Have you ever wondered how the colours in your office affect your employees and how you do business? If you haven’t yet thought about it, you should take a look at your office design and consider how to use colours to achieve your business goals. Colours really do make a difference in influencing the moods and reactions of your employees and clients.
Colours don’t just change your employees’ feelings, they also profoundly impact their productivity. Savvy business owners have been using the psychology of colours for years to achieve different things; from triggering positive moods in customers to boosting team members’ creativity. A good office design consultancy can help you use colours in the best way to achieve your business objectives. We’ll explain how some of the most common colours can be used effectively in the office.
Red is a bold and one of the most intense colours you could choose, but it certainly grabs attention. Red has physical effects on the body and increases the heart rate, blood pressure and metabolism causing an increase in appetite, which is why it’s so prevalent in fast food chains. Red can make staff more productive and give the illusion that time is passing quickly and can be good in high energy creative environments.
Integrated communications agency 23red made the colour work for them since it is vital to their brand. We organised their relocation to a more modern client-facing office environment in North London and designed the interior with plenty of red balanced by neutral colours so that staff were living the brand and felt creatively inspired. However, red it’s not the best colour for offices that are less fast-paced, need high levels of concentration and involve a slower decision-making process.
Blue is a more intellectual colour and it’s known to stimulate the mind. Associated with the sky and the sea, blues can have different effects depending on the shade. Strong blues clear thought while soft blues aid concentration and have a calming effect that trigger natural tranquilizers in the brain. Blue has the opposite effect of red in that it slows the heart rate and decreases appetite. This slowness is perfect for employees who need to concentrate for long periods of time as it increases their productivity. Blue is also perceived as trustworthy, dependable and secure, which is why it is so popular with financial institutions, medical companies and insurance brokers. We used it with our clients AmTrust Financial, BMS Group, and Miller Insurance Services.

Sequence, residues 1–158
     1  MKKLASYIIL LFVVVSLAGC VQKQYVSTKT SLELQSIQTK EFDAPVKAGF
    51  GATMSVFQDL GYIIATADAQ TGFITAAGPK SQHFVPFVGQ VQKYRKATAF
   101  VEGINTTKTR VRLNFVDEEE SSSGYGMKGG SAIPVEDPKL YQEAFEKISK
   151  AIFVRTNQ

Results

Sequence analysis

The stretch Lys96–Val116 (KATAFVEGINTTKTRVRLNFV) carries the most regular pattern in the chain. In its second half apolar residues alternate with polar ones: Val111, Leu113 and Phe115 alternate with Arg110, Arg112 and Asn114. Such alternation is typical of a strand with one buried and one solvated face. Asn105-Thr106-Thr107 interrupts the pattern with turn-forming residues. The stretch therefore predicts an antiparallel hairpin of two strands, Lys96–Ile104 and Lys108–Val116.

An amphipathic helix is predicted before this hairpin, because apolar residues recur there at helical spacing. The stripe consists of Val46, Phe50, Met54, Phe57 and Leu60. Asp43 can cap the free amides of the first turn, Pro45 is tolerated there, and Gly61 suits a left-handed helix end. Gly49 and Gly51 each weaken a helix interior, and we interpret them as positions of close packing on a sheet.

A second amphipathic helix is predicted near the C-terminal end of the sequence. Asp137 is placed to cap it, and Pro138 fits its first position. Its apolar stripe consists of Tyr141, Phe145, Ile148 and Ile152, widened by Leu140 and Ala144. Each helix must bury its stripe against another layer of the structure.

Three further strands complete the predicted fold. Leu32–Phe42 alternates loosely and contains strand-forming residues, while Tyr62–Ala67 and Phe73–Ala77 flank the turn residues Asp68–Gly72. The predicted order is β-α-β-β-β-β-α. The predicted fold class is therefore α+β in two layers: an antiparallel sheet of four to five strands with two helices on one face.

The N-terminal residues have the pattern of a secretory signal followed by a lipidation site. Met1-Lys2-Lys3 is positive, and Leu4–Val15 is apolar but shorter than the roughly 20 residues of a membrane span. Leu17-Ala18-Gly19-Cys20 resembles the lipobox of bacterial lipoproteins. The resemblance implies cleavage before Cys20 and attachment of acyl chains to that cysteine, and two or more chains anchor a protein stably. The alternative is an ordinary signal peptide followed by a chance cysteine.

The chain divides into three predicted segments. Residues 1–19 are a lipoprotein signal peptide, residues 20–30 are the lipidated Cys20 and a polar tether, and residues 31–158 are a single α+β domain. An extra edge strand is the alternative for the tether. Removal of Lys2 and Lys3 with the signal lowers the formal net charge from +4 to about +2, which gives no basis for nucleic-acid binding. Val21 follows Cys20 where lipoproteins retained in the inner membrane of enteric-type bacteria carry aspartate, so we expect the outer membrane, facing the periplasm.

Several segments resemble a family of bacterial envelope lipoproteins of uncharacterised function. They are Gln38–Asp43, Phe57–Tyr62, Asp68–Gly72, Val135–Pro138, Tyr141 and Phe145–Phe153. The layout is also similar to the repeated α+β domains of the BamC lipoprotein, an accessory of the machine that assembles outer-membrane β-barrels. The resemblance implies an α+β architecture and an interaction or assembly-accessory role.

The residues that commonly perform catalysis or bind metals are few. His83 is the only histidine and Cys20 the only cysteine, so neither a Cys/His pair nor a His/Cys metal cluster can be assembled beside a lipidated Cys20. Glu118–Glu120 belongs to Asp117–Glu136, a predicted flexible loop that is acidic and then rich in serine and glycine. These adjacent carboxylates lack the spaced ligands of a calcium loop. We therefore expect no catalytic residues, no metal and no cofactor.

Yellow is a sunny, positive colour that exudes an energetic and fresh ambience. Colour psychologists believe that it encourages innovation and is best used in work environments where artists, writers, designers, developers and other creative professionals work. The colour’s positive associations with happiness and fun can give consumers a warm feeling about your brand. Even just a splash of yellow against neutral colours has a positive effect such as that used at London advertising agency Souk. Orange takes yellows optimism further into a more dramatic exuberance and youthful vitality, but isn’t as good for more “serious” industries.
Green is predominantly associated with nature, tranquility and balance. Although, you can expect to see it in environmental and conservation organisations, it can be found in any industry where decision-making is important. In fact, it also represents wealth and money since green is the colour of dollars, so you can find darker shades in financial companies. Clients can find green soothing so it’s a good choice for companies that tend to make people feel nervous. Like all colours, bright shades of green can have a stimulating effect, but lighter shades have a calming effect on the mind and body. Medical communications agency Synergy Vision have opted for plenty of green in their office and combined with a neutral palette, these splashes of green offer just the right amount of energy to the space.
Black is a powerful colour to use when applied judiciously. It’s connected with authority, intellect, stability, and strength, but can become overwhelming if used too frequently. It can work well for expensive products, but can also make an office floor plan look heavy and oppressive. This serious colour can contrast well with the clean simplicity of white and make a bold statement. The General Dental Council created a commanding ambience by adding black/dark grey sofas to its reception, but balanced it with elements of brighter colour elsewhere. HCC Holdings also used black seating in its reception combined with a subtle grey and white colour scheme throughout the two floors of office space.
When you decorate your workplace, keep your brand personality in mind. It’s not enough to just plan for the physical and emotional responses the space will generate. Interactive Space can help you find the right colour scheme for your company. Please contact our professional team of experts for more information.